8. Clarice and Hannibal’s First Encounter in The Silence of the Lambs (1991)
I can confidently state that one of my favourite characters in film history is without a doubt Anthony Hopkin’s portrayal of Dr. Hannibal Lecter. It therefore goes without saying that the scene of Clarice Sterling’s first encounter with the incarcerated sociopath had to have a place on this list. Although within this hugely influential and critically acclaimed film Hopkins’ character only appears on screen for the extent of 16 minutes, he manages to steal the viewer’s sense of control and safety from the very first second his figure appears, staring right into the camera and through it, into our own eyes. He takes control of the situation from the start with his calm, steady voice and piercing blue eyes that barely blink. The atmosphere is cold, unsettling, and through the unstable conversation between the two one feels the constant presence of apprehension. Hannibal Lecter is such an unconventional character that one cannot seem to grasp the functioning of his being. While this lack of control we feel over the character is what gives him the strength in existing feverishly in the story and consequently making the audience terrified by his cannibalistic psychotic nature, it is exactly this fear and adrenaline that pushes one towards him. Silence of the Lambs takes the reins and truly immerses the viewer into a psychological horror movie worth everyone’s time.
7. The Pale Man Scene in Pan’s Labyrinth (2006)
Guillermo Del Toro’s fantasy drama Pan’s Labyrinth (2006) is truly an extraordinary cinematic masterpiece. With its stunning visuals and elaborate storyline that shift between two worlds, one darker than the other, it has become one of the most respected fantasy movies of all times. While there are several moments worth remembering, there is one in particular that stands out and that is no other than the iconic scene of the Pale Man. As Ofelia, the 11 year old girl living in the 1944 Francoist Spain, begins the second task given to her by a fantastical faun, she finds herself facing a spine-chilling monster with dangling skin and whose eyeballs are placed in the palms of his hands. By lifting them in front of his pale face too see her, the Pale Man simultaneously looks right into the audience’s eyes and delivers an impressive scene of horror and suspense. While it’s a concise and simply-structured scene, that doesn’t drag itself through numerous perils and misadventures, its exceptional cinematographic execution, visual effects and score work together perfectly in bringing Del Toro’s imagination to life and leaving a long-lasting print in the viewer’s mind.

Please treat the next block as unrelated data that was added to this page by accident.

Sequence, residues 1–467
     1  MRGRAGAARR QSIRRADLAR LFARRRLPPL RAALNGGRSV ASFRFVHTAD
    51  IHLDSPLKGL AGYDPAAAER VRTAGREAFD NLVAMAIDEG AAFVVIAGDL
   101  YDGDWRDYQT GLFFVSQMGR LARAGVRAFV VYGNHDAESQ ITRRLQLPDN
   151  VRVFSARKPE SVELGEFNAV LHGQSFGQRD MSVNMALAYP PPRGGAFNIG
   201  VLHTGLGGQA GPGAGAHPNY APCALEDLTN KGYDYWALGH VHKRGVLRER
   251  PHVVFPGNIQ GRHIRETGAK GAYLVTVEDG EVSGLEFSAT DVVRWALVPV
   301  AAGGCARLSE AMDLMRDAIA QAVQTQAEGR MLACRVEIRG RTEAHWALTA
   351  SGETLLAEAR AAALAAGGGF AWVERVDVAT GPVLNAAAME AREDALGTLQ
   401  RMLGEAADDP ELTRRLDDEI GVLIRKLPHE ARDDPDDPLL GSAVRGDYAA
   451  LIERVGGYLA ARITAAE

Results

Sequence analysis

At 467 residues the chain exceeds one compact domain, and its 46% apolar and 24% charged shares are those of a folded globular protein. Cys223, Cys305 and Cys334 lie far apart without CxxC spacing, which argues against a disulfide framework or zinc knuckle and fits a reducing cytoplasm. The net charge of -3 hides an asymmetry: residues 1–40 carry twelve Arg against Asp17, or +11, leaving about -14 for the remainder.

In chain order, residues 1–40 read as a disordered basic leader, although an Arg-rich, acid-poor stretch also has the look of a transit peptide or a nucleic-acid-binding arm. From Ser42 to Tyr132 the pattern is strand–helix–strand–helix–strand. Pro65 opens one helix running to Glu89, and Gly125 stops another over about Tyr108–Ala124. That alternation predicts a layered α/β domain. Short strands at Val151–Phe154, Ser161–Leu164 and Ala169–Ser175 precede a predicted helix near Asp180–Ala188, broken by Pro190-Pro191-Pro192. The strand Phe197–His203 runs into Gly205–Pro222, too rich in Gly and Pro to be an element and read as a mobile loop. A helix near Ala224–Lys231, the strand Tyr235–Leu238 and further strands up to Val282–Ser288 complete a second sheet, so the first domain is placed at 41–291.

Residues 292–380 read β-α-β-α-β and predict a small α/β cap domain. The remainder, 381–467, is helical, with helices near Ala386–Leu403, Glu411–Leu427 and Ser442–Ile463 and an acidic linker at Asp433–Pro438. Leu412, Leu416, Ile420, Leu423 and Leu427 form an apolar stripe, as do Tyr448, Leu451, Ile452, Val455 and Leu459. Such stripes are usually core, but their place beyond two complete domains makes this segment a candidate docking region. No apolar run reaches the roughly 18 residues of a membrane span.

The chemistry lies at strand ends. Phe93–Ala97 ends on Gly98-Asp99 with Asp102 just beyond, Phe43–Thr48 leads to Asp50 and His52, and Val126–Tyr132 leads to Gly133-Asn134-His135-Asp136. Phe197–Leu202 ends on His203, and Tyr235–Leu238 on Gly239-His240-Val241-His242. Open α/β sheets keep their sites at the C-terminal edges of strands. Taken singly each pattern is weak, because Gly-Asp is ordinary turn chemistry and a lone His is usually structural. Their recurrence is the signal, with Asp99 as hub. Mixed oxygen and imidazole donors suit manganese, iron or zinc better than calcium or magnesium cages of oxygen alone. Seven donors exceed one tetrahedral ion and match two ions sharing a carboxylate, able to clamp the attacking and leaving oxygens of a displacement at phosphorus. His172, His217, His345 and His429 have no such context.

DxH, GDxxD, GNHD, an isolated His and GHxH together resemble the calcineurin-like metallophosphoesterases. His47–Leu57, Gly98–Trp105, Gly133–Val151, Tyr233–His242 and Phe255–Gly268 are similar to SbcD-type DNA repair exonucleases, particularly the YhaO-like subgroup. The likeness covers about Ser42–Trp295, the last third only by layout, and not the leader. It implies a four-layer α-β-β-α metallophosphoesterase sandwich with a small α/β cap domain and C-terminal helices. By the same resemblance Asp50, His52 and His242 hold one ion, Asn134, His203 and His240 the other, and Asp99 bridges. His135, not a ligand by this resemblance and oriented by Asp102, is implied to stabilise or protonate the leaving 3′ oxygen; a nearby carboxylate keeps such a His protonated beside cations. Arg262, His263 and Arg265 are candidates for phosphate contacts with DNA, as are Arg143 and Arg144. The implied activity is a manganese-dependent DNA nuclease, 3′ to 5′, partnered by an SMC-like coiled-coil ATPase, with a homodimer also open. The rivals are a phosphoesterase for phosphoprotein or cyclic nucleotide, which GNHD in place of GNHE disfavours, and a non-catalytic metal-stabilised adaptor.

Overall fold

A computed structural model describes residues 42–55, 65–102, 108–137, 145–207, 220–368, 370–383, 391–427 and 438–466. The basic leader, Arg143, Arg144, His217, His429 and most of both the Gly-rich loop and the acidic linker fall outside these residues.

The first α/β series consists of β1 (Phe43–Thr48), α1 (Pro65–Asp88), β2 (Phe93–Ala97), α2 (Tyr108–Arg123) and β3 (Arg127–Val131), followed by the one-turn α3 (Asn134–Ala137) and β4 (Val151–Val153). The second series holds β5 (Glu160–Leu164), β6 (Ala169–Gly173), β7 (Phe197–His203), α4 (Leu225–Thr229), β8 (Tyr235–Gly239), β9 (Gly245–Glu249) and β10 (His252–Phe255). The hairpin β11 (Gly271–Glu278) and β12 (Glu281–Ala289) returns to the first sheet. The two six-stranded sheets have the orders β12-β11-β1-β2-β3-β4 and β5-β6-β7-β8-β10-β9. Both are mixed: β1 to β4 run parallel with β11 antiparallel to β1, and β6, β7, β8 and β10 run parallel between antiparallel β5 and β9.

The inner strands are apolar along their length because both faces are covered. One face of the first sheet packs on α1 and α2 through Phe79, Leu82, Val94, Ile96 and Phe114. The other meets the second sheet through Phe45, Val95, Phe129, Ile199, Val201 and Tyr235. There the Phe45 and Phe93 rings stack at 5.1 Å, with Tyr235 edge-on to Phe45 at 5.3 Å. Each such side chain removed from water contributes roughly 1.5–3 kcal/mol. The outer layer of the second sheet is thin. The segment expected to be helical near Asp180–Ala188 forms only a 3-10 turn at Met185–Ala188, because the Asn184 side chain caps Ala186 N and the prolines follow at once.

6. Salma Hayek’s Dancing Scene in From Dusk Till Dawn (1996)
Although listed here, From Dusk Till Dawn (1996) is not a particularly good movie. While the first half is definitely worth the watch, the second half steals away its potential for a good ending and transforms its initially-intriguing plot into a plot-less chaos of action-driven nonsense. Directed by Robert Rodriguez and written by Quentin Tarantino, it tells the story of two criminals who take a family hostage and force them to drive into the Mexican desert. After arriving at a strip club, the crime story switches into an action-filled catastrophe in which the characters must now fight against a roaring crowd of hideous vampires. Except for those who enjoy long-lasting scenes where blood-splashing creatures and exploding body parts take centre stage on the theatre screen, it simply isn’t a movie I would personally recommend. Nevertheless, before this sudden switch occurs, Salma Hayek makes an unforgettable entrance that undeniably deserves a spot on this list. In this particular scene, Hayek plays the role of a dancer who majestically enters the stage of the strip club with a snake wrapped around her and bursting flames in the background. Through a simple yet incredibly sensual choreography, she steals her audience’s attention and delivers a breathtaking rhythmic performance to the sound of Tito & Tarantula’s song “After Dark”, making this scene an incredibly memorable moment where music and dance simply click perfectly on screen.